Newspaper Page Text
THE 1SOCK -TBIjAyD AHOFUBs MONDAY APRIL 29, IS39.
. ' 4.
THE DAILY ARGUS
JOHN W POTTER.
Monday. Aran. 29, 1889.
WILL MAKE CONTEST.
The legality T AoiidUb College
Smdent' Tote t be Inquired late
Mamrtfay right's Meeting.
J. W. Cavanaugh, chairman of the
city democratic committee, presided over
a rery enthusiastic meeting at the Island
Citj club rooms Saturday evening. The
question as to the legality of the votes
cast by the students at the Augustan
College at the last municipal election was
discussed. It was unanimously agreed
that a contest of the late election on the
mayoralty should be entered at once to
try the legality of those votes. Chair
man Cavanaugh was authorized to employ
counsel, which he will at once. Judge
Wilkinson and Wm. McEniry will likely
The appended communication addressed
to the editor of the Arucs is apropos of
Augustan a College, April 26. 1889.
In your paper of April 9 there was an
article concerning the votes of the stu
dents of Augustan College. You had
published a long list of names of per
sons. who. In your opinion, had no right
to vote. You think of course, that I am
a republican, and consequently my name
was there also. Now, Mr. Editor, I
would like to know the reason for this.
Are yon enraged because I am as you
evidently think a republican, or be
cause I am a Swede by birth, or is there
any reason whatever? Mr. Editor, in
that article you have endeavored to set
forth my character in a light as dark as
possible. Mr. Editor, 1 use plain lan
guage; I would like to see a little more
action and less talking reasoning it can
not be called. Why not have me ar
rested? Why not bring me- before the
I will say no more this time, only close
with a sentence of your own: "An in
vestigation as to the legality of votes of
tbe students is demanded by all fair
minded citizens." No comments are
necessary. John O. Dahlbebo.
Our esteemed correspondent, whose
home, by the way, is at Esses, Iowa, has
either been misinformed as to tbe Argus'
position with regard to the Augustana
college students' voting, or he bus not a
clear sense of comprehension as to what
the A Reus did say. In reply to tbe three
points he makes, the Argus has not ques
tioned tbe nationality or politics or char
acter of tbe students whose votes are in con
troversy. Indeed, we have it from relia
ble information that some of tbe profes
sors acd a number of the students voted
for Mr. Hass. But this is not the ques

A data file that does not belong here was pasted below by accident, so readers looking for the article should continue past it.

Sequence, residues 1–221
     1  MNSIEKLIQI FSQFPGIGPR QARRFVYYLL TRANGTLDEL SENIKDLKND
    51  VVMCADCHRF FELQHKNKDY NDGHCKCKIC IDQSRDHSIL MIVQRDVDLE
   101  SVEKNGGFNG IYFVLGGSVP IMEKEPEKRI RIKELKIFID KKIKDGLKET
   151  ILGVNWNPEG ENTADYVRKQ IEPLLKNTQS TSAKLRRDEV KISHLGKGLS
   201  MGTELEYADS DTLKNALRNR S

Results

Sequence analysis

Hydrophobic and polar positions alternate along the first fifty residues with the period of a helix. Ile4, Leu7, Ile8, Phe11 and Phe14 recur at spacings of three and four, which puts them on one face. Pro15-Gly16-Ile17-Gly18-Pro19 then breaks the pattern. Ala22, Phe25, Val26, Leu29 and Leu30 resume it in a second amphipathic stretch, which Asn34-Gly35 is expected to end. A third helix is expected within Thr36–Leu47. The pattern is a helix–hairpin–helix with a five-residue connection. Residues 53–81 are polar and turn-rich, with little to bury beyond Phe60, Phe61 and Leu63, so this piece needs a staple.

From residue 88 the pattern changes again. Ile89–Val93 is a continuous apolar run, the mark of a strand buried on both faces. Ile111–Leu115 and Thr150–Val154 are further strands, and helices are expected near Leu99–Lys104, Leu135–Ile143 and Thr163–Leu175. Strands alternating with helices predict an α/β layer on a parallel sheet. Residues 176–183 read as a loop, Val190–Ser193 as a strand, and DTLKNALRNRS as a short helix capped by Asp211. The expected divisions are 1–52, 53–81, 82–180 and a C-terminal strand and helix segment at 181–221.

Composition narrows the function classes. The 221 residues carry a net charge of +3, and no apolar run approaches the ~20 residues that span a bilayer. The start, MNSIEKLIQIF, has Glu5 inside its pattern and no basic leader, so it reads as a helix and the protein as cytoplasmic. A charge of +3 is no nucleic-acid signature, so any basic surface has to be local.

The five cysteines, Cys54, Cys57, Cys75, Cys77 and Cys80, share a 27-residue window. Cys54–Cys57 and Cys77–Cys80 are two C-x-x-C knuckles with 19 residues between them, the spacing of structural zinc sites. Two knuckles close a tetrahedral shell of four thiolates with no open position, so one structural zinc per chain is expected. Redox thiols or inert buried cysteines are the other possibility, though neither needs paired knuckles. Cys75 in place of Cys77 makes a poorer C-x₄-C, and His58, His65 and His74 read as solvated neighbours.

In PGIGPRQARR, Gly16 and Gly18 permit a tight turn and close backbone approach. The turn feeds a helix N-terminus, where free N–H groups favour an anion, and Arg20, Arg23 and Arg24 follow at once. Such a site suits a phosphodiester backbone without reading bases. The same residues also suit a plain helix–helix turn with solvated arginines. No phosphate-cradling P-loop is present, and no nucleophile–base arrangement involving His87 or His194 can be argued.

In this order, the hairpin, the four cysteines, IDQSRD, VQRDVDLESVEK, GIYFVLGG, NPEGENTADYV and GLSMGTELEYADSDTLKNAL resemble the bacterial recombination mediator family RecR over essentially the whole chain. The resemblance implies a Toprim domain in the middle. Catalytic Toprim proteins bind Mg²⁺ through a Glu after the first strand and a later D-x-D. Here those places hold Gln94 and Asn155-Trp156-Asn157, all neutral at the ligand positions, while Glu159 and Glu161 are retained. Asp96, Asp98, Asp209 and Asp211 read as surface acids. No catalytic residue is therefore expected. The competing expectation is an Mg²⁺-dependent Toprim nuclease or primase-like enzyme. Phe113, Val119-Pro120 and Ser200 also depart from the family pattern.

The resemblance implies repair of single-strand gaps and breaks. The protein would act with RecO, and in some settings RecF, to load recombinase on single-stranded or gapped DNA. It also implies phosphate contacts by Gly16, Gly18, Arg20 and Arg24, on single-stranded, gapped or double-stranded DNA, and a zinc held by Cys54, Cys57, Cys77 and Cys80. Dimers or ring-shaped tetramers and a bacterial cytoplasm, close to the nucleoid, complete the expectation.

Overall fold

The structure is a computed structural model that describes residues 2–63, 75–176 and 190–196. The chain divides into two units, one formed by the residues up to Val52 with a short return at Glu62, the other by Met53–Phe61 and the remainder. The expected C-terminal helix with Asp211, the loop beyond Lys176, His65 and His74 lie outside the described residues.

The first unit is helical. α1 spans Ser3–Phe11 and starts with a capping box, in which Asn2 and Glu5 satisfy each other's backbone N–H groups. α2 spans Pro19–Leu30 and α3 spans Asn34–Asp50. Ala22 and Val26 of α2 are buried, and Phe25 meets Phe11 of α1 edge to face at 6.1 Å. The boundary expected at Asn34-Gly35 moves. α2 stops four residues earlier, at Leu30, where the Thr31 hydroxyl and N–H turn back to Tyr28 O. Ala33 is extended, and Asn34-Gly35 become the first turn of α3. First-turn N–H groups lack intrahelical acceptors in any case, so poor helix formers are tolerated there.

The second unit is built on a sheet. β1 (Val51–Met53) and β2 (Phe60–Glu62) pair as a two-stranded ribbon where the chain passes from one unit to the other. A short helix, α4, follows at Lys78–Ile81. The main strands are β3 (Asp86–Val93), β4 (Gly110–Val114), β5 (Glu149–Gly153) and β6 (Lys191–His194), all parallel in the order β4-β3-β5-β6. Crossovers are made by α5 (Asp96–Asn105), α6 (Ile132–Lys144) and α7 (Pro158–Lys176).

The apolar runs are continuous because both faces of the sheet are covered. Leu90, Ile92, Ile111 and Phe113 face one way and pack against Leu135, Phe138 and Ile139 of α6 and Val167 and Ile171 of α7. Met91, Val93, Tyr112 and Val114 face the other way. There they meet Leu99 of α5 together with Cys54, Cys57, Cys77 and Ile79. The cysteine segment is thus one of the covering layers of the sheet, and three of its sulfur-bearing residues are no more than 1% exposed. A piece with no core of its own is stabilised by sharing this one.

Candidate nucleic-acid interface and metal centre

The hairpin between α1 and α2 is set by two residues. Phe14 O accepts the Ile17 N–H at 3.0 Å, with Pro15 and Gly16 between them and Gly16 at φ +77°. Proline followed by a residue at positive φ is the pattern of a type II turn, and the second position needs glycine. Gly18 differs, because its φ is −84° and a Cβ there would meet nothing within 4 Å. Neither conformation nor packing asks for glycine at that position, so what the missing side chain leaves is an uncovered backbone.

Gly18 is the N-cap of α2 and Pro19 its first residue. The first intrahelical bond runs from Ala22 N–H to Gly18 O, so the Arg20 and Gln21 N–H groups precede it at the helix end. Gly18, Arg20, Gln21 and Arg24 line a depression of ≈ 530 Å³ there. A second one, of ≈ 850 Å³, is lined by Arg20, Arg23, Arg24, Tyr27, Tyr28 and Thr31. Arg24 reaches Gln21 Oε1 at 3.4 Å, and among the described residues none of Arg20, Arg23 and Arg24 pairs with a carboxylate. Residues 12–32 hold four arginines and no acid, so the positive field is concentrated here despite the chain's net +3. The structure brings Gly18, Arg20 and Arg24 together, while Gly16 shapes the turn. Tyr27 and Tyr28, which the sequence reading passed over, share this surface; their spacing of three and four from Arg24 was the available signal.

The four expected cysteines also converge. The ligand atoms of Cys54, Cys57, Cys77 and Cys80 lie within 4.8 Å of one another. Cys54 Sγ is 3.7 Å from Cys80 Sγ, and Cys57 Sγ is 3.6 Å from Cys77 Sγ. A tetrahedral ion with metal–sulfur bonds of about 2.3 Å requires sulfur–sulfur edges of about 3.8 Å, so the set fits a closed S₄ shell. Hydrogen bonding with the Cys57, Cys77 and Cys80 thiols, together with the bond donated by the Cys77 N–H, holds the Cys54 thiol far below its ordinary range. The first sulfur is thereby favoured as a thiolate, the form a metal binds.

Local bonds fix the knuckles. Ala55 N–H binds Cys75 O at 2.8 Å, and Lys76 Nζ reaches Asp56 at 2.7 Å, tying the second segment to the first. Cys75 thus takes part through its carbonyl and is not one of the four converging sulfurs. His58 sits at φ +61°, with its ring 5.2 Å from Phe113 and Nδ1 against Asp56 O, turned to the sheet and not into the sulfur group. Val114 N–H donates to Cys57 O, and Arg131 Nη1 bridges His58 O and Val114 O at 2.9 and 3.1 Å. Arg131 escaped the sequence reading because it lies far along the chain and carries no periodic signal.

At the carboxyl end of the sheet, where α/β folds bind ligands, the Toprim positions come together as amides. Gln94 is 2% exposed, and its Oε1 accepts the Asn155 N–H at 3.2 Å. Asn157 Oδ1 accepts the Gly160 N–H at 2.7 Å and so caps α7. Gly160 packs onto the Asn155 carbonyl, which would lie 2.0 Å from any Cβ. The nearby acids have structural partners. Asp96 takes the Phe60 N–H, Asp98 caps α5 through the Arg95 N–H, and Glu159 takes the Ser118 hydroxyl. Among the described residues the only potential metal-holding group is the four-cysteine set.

tion. Tbe aim is simply to settle a prin
ciple, and to know if transitory residents
whose homes, according to their own
registration are elsewhere, can vote legally
in Rock Island. In reply to tbe corres
pondent's plea for action, we will say that
the probability isthat bis wish. will be ful
filled, and the investigation promises to
be made as demanded, by all fair minded
The Y.M.C. A. :AuniverHry.
Yesterday being the fifth anniversary
of the Rock Island Y. M. C. A., the oc
casion was observed with services de
voted to the event in all of the
protestant churches in the city.
At the Central Presbyterian, the Cen
tral and U. P. churches united, aud ad
dresses were made by Rev. Moldrum,
Rev. McMichael. A. D. Sperry and J. S.
At the First Baptist the Christian and
Baptist united, and addresses were made
by Frank Nadler, Elder G. Piatt, Rev.
Leland and Louis Bowman.
At the First M. E. church Rev. Oue,
E. B. McKown and F. W. Lane, of this
city, and B. F. Quick, of Moline, deliv
At tbe Broadway Presbyterian, Rev.
Marquis, J. W. Welch and 8. T. Turner
At tbe Baptist mission Dr. J. W.
Stewart, of this city, and N. W.fl.
ford, of Moline, were t&ejWrtfakers.
At the Ninth stre'jE s. D. cie-Und-
XL3-5sm "d Geo. Barker
The remarks were all devoted to the
growth, interest and good results of the
Rock Island association.
SI. K. Church May Festival.
Send in the names of the babies for the
exhibition in the rink Monday afternoon,
All who are intending to make pres
ent to the parties who are to be mar
ried at the May festival will send them to
the rink by 8 o'clock next Monday
Excursion rates will be made on all
railroads running into Rock Island dur
ing the Methodist May festival.
The ferry will return all free who
come from Davenport to attend the May
festival next week .
Mr. Que is desirous that all bunting
and other decorative material that is to
be donated to the festival be sent to him
as aoon as possible.
Cireetlnc to Sir. ttpeneer.
Among the resolutions adopted by the
County Sunday School association at its
annual meeting at the First Baptist
church at Moline, prior to adjournment
Friday, was this one:
- Haolved, That the secretary be in
tructed to send greeting and a copy of
onr programme to Brother . W. Spen
cer, Los Angeles, Cal., our former presi
dent, of whose faithfulness and zeal we
are reminded every lime we meet in
A Week or Anns nient.
Tonight tbe "Little Sunbeam," May
B re tonne, opens a week's engagement at
Harper's theatre in popular comedies and
dramas, tonight's bill being "Caprice."
The company is a strong one and one
that has the reputation of putting on its
plays in the best and most pleasing man
ner. The company appears at popular
W Can lave
You from 10 to 15 per cent on lace cor
tains, ailk curtains, porteries. Fine
goods a specialty. Lace curtains 90 cents
per pair and upwards. The C. F. Adams
House Furnishing Home, 822 Brady SU,
The bowler takes naturally to a rolling
Grand Opening of the New
THE PRESIDENT ARRIVES CM TIME.
His Trip from the National Capital
to Elizabeth, N. J. A Strik
Tha Naral I'arade and Review Saluting;
the DiKtlnguWhed Guest with Voice and
Causon landing at Wall Street Where
George Washington Landed lOO Years
Ago The Barge and lt Crew of Old
Sal til rrorevulon Ashore and Reception
An Immense Crowd and Great En
thusiasm. Nkw York, April 29. One hundred years
ago Fresident-eleot Washington, having re